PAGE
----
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Renaissance
(c. 1400 - 1600)

Copenhagen in the Renaissance

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Renaissance art is defined by the art and architecture, painting, sculpture, and allied arts produced in Europe in the historical period called the Renaissance. Broadly considered, the period covers the 200 years between 1400 and 1600, although specialists disagree on exact dates. The word renaissance literally means "rebirth" and is the French translation of the Italian "rinascita". 

The two principal components of Renaissance style are  1) a revival of the classical forms originally developed by the ancient Greeks and Romans, and  2) an intensified concern with secular life -- interest in humanism and assertion of the importance of the individual. The Renaissance period in art history corresponds with the beginning of the great Western age of discovery and exploration, when a general desire developed to examine all aspects of nature and the world.  

Kingdom of Yemen 1967. Renaissance. Paolo Uccello: "St. George Slaying the Dragon". Nicaragua 1984. Renaissance. Fragment of Correggio's painting "Ganimedes". Quaiti State in Hadhramaut 1967. Piero della Francesca: "Federico da Montefeltro".

During the Renaissance, artists were no longer regarded as mere artisans, as they had been in the medieval past, but for the first time were seen as independent personalities, comparable to poets and writers. They sought new solutions to formal and visual problems, and many of them were also devoted to scientific experimentation. In this context, mathematical or linear perspective was developed, a system in which all objects in a painting or in low-relief sculpture are related both proportionally and rationally. As a result, the painted surface was regarded as a window on the natural world, and it became the task of painters to portray this world in their art.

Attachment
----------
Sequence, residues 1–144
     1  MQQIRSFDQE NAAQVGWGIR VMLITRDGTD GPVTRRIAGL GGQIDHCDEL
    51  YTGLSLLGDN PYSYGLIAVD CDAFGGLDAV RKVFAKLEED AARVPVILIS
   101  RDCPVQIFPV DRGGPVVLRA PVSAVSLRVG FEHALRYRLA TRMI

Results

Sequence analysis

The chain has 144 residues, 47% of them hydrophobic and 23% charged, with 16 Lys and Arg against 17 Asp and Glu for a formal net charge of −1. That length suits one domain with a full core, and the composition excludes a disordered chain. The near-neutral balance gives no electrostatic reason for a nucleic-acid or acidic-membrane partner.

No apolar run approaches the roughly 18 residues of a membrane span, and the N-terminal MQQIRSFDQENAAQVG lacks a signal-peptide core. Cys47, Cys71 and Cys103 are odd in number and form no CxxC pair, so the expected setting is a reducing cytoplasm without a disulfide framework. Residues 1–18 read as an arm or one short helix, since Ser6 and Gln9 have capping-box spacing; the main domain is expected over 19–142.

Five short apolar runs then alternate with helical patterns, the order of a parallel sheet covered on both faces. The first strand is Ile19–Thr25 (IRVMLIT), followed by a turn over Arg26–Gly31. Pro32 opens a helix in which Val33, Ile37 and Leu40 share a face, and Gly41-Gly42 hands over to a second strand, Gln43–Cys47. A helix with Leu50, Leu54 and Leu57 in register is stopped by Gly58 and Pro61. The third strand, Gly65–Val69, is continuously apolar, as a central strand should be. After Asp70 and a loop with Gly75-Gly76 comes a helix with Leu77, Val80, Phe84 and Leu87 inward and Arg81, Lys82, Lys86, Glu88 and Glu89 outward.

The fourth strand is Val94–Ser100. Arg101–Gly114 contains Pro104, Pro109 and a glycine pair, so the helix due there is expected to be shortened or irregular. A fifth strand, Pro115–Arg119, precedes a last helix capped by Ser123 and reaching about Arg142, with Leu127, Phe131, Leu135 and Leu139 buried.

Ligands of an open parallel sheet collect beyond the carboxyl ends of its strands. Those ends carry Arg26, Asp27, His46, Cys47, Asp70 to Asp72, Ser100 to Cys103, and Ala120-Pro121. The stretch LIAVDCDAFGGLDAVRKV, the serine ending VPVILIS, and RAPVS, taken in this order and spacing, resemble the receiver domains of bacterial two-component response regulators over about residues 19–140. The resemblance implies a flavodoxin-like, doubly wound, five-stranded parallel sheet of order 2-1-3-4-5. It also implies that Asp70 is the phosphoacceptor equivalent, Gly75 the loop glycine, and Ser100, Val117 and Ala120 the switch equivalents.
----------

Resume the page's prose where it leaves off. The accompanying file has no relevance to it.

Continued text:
Consequently, painters began to devote themselves more rigorously to the rendition of landscape -- the careful depiction of trees, flowers, plants, distant mountains, and cloud-filled skies. Artists studied the effect of light out-of-doors and how the eye perceives the diverse elements in nature. They developed aerial perspective, in which objects become increasingly less distinct and less sharply coloured as they recede from the eye of the viewer. Northern painters, especially those from Flanders and the Netherlands, were as advanced as Italian artists in landscape painting and contributed to the innovations of their southern contemporaries by introducing oil paint as a new medium. Oil paint as such was invented during the Gothic period by the Dutch brothers Hubert & Jan van Eyck.  Until now the normal mediua had been tempera. 

For the International Stamp Exhibition Italia '85 in Rome, Italy issued -- among others -- this nice set of three stamps, introducing the Renaissance Art.

Italy 1985. International Stamp Exhibition ITALIA '85 in Rome. Renaissance  Art by Raphael. Italy 1985. International Stamp Exhibition ITALIA '85 in Rome. Exhibition Logo. Italy 1985. International Stamp Exhibition ITALIA '85 in Rome. Renaissance Art by Baldassare Peruzzi.

The Renaissance can roughly be divided into 3 periods:  Early Renaissance, High Renaissance, and Late Renaissance (the latter also known as Mannerism). 

Sources and links:  

Copenhagen in the Renaissance

Listing in alphabetical order of the most outstanding Renaissance artists within each period.  Click on any of the active links to go directly to the individual artist's page. Those marked with an asterisk are represented on this page.  

Early  High  Mannerism Foreign
  • Brunelleschi
  • della Francesca *
  • Donatello
  • Masaccio 
  • Uccello *
Literature Tapestry

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Revised 27-aug-2006. Ann Mette Heindorff
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